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The following question is from a quiz I took a few weeks ago and got incorrect, but the answer wasn't provided:

Consider the following code, which contains no compile errors:

String secret = "Ellie";
Scanner kb = new Scanner(System.in);
System.out.println("Guess which name I'm thinking of:");
String guess = kb.next();

if (guess == secret)
{
    System.out.println("Wow! You're smart!");
}
else
{
    System.out.println("Wrong!");
    System.out.println("You guessed: " + guess);
    System.out.println("The correct answer was: " + secret);
}

Suppose the user enters "Ellie" at the prompt. What output would result, and why that output and not the other output?

Here was my incorrect answer:

The output would be the else statement "WRONG!" because of the capitalization of the letter 'E'. A solution to this would be to either change the String secret to "ellie" as well as the user's guess, or one can write in the ignoreCase keyword to String secret.

The program actually outputs "Wrong", I tested it.

Aside from simply knowing the answer, could someone really explain this to me so I can understand the concept better?

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marked as duplicate by assylias May 14 at 6:14

This question has been asked before and already has an answer. If those answers do not fully address your question, please ask a new question.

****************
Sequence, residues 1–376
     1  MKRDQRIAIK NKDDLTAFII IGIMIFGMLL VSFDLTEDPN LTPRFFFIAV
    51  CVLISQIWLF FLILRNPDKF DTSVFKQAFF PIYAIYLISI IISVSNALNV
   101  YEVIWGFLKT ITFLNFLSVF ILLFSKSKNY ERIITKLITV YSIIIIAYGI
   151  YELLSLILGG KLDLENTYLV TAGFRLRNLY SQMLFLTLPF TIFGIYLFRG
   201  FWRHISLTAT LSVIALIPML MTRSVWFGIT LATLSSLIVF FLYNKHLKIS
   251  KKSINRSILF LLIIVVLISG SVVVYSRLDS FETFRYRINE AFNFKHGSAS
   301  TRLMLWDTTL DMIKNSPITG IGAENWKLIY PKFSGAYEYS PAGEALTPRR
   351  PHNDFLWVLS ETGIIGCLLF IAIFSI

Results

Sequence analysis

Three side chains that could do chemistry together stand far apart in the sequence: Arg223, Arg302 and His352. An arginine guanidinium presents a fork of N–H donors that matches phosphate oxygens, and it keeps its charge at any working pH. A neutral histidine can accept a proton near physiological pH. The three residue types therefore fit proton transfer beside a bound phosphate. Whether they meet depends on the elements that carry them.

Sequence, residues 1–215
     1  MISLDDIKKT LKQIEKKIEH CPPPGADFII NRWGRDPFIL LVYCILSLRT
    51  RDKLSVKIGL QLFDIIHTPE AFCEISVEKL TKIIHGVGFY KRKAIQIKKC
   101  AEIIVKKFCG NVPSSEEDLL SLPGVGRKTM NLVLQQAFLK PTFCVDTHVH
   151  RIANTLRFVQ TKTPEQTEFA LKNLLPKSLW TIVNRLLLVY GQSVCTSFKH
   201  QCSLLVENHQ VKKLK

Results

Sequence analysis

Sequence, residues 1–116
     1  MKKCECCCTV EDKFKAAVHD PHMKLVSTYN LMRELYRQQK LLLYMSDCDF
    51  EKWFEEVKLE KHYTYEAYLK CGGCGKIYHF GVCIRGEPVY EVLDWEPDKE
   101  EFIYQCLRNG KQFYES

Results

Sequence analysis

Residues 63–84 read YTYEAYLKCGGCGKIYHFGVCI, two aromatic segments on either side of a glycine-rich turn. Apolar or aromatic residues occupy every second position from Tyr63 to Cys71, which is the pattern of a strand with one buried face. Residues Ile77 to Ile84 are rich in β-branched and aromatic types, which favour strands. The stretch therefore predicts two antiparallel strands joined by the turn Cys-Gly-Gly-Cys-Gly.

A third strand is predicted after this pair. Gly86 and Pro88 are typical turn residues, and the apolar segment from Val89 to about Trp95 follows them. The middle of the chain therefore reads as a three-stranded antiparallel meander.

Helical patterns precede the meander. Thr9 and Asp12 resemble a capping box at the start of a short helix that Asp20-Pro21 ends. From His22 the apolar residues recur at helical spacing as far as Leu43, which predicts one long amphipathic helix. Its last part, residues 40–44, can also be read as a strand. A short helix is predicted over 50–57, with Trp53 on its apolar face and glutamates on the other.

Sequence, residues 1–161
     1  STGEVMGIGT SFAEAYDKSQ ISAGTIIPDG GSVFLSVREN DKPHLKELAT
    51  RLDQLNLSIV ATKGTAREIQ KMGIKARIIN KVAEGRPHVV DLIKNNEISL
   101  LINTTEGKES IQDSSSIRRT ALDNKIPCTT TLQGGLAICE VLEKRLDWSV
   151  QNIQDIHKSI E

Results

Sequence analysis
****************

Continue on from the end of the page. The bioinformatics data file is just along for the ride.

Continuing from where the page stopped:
You were right with your answer except for the wrong reason, it actually has to do with the guess == secret part. –  Marcelo Aug 10 '11 at 23:13
    
equalsIgnoreCase would be used to compare "Ellie" and "eLLie" and still get true. equals would be enough to compare "Ellie" and "Ellie". –  Jeffrey Aug 10 '11 at 23:18

2 Answers 2

up vote 8 down vote accepted

The == does a reference comparison, and so it'll always say 'Wrong!', even if the two string references are equal. In order for it to match correctly, it would have to use secret.equals( guess ).

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2  
That's actually not quite right. You will not always get "Wrong!". The JVM might decide to reuse the "Ellie" string instance, in which case you would get a correct. The behavior is simply undefined. –  Chronial Aug 10 '11 at 23:31
    
Point taken. Any idea the chances this happens? –  Shawn D. Aug 10 '11 at 23:48
    
I assume it is actually quite likely, but i'm not sure. If you really want to know, writing a little program to test that shouldn't be to difficult ;). –  Chronial Aug 10 '11 at 23:50
    
@Chronial: Actually, this is quite defined in the language specification. All equal string literals and other string compile time constants are also identical objects. Also, everything which got intern()ed is identical to these. Strings created by new are new objects, not identical to anything existing before. Strings read in from the user quite likely fresh strings (but this depends on the implementation of the scanner's next method here - it could call intern, though this would not be a good idea). –  Paŭlo Ebermann Aug 15 '11 at 2:07
    
@Shawn: feel free to include parts of my explanation into your answer. –  Paŭlo Ebermann Aug 15 '11 at 2:16

In java:

  • the == operator tests if the two objects are the same exact instance
  • the .equals() method of String compares if the objects "have the same value"

Since the user input the value, it's a new instance of String, so it will never be true that secret == input.

You should always use str1.equals(str2) when comparing Strings.

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